Q. How impressive was it to lead 192 out of 200 laps last year at Nazareth and do you think that anybody will be able to do that this year?

PAUL TRACY: I think it is going to be pretty tough, you know, the way the race went at Phoenix, I think that gave kind a show to what is going to happen, I think, on all the ovals. Last year we had dominant car with Penske, both myself, Al and Emerson were four laps up on the next guy, so it is not that way anymore. I think it is going to be tough race to win. Strategy is going to be key. Judging by the way Phoenix went, I think there was 11 or 12 different leaders and it is going to be a tough race to win.

Q. Do Phoenix or Nazareth give you a better indication of how you will do at Indy as far as setups and everything, I mean --

PAUL TRACY: I don't really think either of them really give me an indication. I think maybe a little bit of indication during the race if your car goes loose or if you have some handling problems; come up with some ideas going into Indy, but the setups are so different. We put different suspension on the car; different body work on the car; different wings. It is a totally different car, so it is -- really the setup is not even remotely the same.

Q. A lot of drivers including Roberto Guerrero say his record at Indy is probably going to be broken this year. Do you feel you are one of those that capable of doing that?

PAUL TRACY: Hard to say. I guess it all depends on the weather conditions. You hear a lot -- I have been hearing a lot of times from the Buick cars but I think it is going to be pretty tough as it stands to outqualify. The Buicks are good and they get their car right, I think it is going to be tough to beat them in qualifying just simply because of the horsepower difference, but I think in the race, we have got a good package. Qualifying, it is important and you know, it is important to be up there on the front of the grid, but the most important thing is having a good car for the race day and being consistent all day.

Q. Had you a chance to drive one of those incredibly dominant Penske's last year, what is the difference between that car and what you are driving now; is there that big of a difference?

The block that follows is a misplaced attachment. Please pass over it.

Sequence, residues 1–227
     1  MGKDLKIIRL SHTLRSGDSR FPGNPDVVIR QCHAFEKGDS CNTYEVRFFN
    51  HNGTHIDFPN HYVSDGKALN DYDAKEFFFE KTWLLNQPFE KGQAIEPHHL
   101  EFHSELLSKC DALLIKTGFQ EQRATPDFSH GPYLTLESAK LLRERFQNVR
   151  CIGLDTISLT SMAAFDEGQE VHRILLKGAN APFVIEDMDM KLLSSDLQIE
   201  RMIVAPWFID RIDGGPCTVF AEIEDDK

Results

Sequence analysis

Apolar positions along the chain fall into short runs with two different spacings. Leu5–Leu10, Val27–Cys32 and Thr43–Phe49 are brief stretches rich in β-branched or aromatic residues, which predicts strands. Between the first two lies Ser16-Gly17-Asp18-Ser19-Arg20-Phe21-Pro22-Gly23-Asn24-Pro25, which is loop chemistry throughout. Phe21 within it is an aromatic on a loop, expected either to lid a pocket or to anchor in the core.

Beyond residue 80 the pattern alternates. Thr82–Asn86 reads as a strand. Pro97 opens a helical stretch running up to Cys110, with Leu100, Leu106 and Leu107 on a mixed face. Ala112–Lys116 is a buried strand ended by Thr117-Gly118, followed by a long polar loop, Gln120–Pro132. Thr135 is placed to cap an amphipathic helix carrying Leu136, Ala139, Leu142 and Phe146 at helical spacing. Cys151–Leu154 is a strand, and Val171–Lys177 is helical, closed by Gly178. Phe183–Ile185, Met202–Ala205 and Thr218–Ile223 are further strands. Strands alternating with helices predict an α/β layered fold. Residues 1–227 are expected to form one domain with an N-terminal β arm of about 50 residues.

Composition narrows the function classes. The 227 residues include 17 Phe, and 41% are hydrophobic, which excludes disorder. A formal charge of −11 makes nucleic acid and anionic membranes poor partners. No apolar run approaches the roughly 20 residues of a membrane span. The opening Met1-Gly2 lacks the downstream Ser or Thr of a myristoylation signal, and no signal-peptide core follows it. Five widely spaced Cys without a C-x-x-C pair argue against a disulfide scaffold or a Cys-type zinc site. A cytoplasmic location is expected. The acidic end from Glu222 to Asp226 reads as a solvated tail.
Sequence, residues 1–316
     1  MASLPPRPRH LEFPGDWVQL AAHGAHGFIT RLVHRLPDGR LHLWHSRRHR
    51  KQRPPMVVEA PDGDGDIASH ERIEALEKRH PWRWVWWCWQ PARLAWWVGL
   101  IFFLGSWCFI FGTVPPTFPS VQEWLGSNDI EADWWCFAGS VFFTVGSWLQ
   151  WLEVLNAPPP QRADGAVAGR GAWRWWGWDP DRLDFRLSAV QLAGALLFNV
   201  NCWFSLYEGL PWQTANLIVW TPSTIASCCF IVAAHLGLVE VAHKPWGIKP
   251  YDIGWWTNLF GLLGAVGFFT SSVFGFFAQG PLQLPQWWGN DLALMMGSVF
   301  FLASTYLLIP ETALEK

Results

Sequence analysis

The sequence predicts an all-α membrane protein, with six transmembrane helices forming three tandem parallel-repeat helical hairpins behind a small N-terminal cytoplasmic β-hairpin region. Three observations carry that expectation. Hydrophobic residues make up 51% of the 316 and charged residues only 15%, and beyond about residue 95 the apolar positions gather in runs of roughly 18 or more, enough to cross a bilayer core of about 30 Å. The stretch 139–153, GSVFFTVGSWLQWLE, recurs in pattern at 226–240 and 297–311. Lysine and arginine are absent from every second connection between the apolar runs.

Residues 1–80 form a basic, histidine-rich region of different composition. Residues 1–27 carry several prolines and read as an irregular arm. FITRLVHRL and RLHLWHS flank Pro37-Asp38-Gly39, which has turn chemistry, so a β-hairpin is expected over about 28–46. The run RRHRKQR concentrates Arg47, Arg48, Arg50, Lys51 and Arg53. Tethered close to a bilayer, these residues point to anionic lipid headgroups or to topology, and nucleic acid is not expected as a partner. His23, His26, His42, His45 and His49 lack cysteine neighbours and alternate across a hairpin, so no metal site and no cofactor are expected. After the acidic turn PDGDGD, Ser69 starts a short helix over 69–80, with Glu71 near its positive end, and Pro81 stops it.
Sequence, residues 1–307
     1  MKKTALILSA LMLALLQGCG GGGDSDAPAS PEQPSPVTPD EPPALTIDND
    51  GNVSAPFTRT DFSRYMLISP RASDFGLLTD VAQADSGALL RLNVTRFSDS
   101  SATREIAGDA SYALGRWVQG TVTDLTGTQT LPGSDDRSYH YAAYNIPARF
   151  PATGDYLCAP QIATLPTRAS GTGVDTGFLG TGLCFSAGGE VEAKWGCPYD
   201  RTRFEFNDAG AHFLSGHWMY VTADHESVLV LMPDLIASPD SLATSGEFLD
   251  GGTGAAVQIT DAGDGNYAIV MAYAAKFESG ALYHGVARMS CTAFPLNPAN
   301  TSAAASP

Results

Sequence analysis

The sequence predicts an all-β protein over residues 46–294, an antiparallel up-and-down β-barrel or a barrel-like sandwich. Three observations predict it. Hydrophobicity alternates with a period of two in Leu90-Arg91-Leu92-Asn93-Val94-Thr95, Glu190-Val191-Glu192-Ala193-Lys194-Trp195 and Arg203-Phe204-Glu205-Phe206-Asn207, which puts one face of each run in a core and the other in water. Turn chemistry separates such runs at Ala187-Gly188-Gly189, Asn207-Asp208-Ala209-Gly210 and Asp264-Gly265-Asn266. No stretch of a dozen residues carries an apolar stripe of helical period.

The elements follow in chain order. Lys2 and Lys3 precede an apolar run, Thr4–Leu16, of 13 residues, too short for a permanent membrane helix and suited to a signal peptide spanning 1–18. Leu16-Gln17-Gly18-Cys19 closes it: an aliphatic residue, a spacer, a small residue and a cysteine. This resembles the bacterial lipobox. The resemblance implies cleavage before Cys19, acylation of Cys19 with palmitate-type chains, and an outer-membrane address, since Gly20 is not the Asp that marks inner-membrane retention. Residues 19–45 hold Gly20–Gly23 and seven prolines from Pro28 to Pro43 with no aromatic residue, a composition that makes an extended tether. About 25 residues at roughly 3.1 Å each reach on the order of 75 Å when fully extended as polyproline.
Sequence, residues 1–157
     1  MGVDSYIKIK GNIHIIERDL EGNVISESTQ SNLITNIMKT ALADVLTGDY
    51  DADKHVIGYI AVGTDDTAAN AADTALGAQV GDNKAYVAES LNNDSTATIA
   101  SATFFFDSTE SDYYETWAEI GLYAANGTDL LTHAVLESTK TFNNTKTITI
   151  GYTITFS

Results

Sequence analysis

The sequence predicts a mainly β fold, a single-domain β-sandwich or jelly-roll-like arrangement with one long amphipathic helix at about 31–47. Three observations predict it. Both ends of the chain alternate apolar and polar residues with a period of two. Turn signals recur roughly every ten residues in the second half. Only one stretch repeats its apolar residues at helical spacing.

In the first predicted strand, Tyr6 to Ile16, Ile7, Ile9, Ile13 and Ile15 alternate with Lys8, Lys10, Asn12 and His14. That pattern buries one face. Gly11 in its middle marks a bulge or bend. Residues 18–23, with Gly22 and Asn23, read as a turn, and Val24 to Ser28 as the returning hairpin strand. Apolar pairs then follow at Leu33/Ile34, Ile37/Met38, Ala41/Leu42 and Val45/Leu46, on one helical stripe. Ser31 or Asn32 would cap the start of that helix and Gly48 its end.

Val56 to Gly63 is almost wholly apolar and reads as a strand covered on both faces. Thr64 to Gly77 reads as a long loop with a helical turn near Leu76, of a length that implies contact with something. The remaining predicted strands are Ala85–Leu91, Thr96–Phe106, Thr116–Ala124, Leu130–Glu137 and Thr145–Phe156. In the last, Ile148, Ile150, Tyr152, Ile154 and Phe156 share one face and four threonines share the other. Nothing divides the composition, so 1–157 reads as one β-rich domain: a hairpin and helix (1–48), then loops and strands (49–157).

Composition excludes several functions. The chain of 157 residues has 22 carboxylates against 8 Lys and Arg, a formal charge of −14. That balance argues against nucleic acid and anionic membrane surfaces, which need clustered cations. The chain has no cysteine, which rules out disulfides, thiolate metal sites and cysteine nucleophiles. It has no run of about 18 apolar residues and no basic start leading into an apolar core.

PAUL TRACY: Driving the Penske and driving last year's Lola, '94 car, that was a huge difference. After I drove the '94 Lola the first time, that the team asked me, what I thought of the car. I said I don't think very much of it, and you know, we made a lot of improvements. I gave my input and Michael gave his input from the Reynard. When we got the car at the first test instantly, after a five-lap run, I said this car is good and, you know, we have been working on it ever since. I think it is pretty equal to the Penske or even better. Probably the '95 Penske is a little bit better than last year's car or else they wouldn't be running the thing and we seem to be a little bit better.

Q. How important, at least, mentally, was it to you to see that when you gave your input for the first time with the Newman Haas team some changes were made that made the car better?

PAUL TRACY: Well, it was real encouraging. That is one thing, you know, that is important. You can have all the computers in the world, but the drivers got to be comfortable driving the car. The computer can tell you, well, you can go this fast, but if you are not comfortable doing it in the car, then you are not going to be able to do it, so the engineers have been very good at Newman Haas and at Lola with both the input that I give; they listen, and they want to try to make the car better and, you know, feel better for the driver to drive because ultimately, to get the most out of the car, the driver has got to be comfortable.

Q. Were there situations last year when you felt you couldn't be all that you wanted to be in regard to winning with 2 more high profile teammates?

PAUL TRACY: No. You know, I felt I had all the opportunity to win races that both Emerson and Al had. There wasn't any pieces that, you know, on the cars that were any different from each other, but you know, I felt I had every opportunity to win as much as both of them, and I won more races than Emerson, and was second to Al with race wins and -- but, you know, I felt that the team was run pretty equally and that was one of the things that I stressed with Carl before we did our deal. It has got to be equal footing. If you want to get the most out of both drivers; then you got to give them the same equipment.